New Jewish Leadership Council chief sets out his stall

New Jewish Leadership Council chief sets out his stall

Jonathan Goldstein presents his manifesto at a JLC hustings, before he succeeds Sir Mick Davis as chair of the organisation

Jenni Frazer is a freelance journalist

Jonathan Goldstein
Jonathan Goldstein

The man soon to be endorsed as head of the Jewish Leadership Council (JLC) has set out a bravura eight-point plan to overhaul the Jewish community – and a prediction that he can save £10million by streamlining the more than 2,000 current Jewish charities.

Jonathan Goldstein presented his manifesto at a hustings event for JLC, for which he is now the only candidate as chairman. He will succeed Sir Mick Davis who stood down earlier this year.

Addressing a hand-picked audience at Western Marble Arch Synagogue, representing many of the 32 JLC constituents, Goldstein spoke passionately about “the need to eradicate duplication” and the waste of resources.

He said he believed the JLC had “a duty” to work together to pool resources, and announced one of his first acts would be to establish a task force, chaired by a business leader to identify ways the community could work “together, rather than in silos”.

Ilford-raised and educated at Manchester University, the father-of-four has a long history of communal service. He is currently chair of the JLC’s education division, Partnerships for Jewish Schools (PaJeS), and is a former vice-chair of Jewish Care and one-time governor of Kerem School.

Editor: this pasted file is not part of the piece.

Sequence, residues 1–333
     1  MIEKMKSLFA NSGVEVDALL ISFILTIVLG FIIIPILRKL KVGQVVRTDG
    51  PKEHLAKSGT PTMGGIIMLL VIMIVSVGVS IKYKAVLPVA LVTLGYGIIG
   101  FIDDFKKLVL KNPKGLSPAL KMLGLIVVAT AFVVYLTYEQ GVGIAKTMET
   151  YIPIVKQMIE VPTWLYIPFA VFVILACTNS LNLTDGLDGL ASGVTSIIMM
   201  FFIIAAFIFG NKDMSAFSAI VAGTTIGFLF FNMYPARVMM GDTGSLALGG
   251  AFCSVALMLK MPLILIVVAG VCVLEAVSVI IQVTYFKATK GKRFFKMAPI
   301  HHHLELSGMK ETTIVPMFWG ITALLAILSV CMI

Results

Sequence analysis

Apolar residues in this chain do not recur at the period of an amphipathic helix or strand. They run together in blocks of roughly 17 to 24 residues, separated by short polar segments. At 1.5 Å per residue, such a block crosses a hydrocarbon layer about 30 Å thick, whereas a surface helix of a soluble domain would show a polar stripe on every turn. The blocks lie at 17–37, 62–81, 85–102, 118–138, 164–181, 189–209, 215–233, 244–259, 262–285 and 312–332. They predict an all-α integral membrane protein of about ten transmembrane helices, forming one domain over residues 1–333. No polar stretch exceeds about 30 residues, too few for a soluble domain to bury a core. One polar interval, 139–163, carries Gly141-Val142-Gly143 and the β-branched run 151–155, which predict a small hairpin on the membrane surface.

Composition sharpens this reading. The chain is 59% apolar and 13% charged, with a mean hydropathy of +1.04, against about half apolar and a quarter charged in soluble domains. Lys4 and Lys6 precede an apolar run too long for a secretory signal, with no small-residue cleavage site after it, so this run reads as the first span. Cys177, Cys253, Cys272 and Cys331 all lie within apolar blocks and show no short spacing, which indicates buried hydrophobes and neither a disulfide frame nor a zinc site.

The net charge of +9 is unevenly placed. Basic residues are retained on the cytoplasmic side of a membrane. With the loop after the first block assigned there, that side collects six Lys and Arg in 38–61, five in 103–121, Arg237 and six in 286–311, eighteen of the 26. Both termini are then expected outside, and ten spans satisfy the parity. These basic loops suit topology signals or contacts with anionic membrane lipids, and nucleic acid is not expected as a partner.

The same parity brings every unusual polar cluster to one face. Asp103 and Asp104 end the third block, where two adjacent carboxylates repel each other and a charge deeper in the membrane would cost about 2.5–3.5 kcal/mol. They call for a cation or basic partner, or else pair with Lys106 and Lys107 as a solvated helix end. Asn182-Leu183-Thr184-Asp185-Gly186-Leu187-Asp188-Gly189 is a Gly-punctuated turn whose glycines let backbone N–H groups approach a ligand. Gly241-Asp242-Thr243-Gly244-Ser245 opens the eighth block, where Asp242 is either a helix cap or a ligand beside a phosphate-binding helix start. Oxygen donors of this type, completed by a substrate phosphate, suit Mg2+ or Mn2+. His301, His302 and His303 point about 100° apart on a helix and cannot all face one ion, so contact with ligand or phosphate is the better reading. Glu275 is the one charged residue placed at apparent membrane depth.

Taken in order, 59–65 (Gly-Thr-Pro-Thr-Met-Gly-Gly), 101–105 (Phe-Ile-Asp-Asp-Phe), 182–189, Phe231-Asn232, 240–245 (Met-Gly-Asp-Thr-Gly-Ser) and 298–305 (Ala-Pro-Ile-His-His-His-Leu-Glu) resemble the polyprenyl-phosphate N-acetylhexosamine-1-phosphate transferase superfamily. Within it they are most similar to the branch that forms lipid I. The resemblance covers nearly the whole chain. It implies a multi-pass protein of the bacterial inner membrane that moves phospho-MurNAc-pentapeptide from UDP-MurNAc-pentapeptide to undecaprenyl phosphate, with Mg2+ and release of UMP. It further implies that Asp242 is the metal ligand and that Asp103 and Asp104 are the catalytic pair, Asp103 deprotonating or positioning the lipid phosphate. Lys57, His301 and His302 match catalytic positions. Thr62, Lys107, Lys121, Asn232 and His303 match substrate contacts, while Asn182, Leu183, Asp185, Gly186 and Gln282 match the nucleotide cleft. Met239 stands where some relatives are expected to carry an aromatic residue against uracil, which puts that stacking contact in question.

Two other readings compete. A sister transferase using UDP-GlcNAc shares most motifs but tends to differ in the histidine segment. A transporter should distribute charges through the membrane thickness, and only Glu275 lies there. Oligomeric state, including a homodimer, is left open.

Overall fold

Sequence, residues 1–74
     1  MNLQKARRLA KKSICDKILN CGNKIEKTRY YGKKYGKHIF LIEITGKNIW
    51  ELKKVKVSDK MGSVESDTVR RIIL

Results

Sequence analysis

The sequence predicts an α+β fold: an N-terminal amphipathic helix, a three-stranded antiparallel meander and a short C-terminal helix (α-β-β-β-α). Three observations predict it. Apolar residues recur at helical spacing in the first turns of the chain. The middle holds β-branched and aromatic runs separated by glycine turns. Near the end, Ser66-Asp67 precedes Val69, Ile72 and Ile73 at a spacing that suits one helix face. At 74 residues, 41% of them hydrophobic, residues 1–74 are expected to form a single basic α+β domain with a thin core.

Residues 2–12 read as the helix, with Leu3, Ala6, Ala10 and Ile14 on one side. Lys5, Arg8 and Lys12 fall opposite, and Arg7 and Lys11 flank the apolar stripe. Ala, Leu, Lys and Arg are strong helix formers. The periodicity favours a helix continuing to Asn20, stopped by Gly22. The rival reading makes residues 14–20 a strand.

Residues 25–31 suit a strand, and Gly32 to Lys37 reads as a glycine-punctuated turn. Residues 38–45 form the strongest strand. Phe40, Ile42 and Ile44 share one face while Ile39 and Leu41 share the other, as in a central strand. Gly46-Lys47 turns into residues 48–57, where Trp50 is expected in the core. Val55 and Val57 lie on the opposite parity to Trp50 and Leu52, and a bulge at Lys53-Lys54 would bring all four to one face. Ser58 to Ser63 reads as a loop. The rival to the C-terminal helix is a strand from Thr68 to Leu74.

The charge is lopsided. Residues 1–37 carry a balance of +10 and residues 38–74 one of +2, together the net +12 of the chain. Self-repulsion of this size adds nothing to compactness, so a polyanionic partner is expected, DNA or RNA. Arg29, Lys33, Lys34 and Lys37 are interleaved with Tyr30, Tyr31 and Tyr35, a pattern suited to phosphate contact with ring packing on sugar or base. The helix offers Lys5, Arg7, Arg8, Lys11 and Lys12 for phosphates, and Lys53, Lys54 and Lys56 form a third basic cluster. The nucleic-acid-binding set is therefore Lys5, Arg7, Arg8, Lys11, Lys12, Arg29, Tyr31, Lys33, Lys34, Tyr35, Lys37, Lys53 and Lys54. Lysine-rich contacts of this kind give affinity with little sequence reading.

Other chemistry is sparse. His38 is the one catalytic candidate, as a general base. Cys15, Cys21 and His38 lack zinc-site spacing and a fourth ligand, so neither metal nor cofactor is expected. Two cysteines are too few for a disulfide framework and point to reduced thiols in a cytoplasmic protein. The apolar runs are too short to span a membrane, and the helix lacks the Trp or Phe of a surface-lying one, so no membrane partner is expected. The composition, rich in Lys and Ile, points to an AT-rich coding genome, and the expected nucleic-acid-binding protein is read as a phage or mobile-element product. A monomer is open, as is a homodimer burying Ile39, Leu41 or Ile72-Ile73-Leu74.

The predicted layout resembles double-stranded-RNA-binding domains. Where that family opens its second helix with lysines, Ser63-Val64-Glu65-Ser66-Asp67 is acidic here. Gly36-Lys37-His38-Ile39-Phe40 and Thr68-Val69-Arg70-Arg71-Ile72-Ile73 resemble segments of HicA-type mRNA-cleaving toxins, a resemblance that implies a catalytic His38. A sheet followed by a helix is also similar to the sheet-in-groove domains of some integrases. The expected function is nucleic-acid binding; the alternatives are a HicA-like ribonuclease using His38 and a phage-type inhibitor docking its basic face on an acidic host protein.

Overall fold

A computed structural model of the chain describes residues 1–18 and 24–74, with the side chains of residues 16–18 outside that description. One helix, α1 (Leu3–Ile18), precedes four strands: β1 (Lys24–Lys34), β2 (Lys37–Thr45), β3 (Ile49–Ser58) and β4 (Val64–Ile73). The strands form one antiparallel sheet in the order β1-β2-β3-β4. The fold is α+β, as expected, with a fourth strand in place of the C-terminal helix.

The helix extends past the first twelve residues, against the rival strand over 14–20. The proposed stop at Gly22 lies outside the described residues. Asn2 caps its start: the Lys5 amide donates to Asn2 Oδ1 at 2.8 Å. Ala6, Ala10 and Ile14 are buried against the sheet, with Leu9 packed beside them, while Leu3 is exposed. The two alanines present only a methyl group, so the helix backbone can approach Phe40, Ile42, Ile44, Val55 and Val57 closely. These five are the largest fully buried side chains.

Part of his manifesto, he said, included an aim to represent all of the community, not just part of it. He wants to bring more women on board as well as representatives of the LGBTQ community, but he also said he wants to “build bridges” with the Charedi community, projected to form 50 percent of British Jewry by the end of the century.

One of Goldstein’s major interests is education and he said that some of the difficulties faced by Jewish students attempting to combat anti-Semitism and anti-Zionism on campus was due to a lack of detailed knowledge about the history of modern Israel.

He also addressed the question of relations between the JLC and Board of Deputies. While he hoped, he said, to have a good relationship with the Board president, he made it clear both organisations would have to “cede responsibilities” to each other. He also announced the JLC expected to lead a huge, community-wide celebration of Israel’s 70th anniversary next year.

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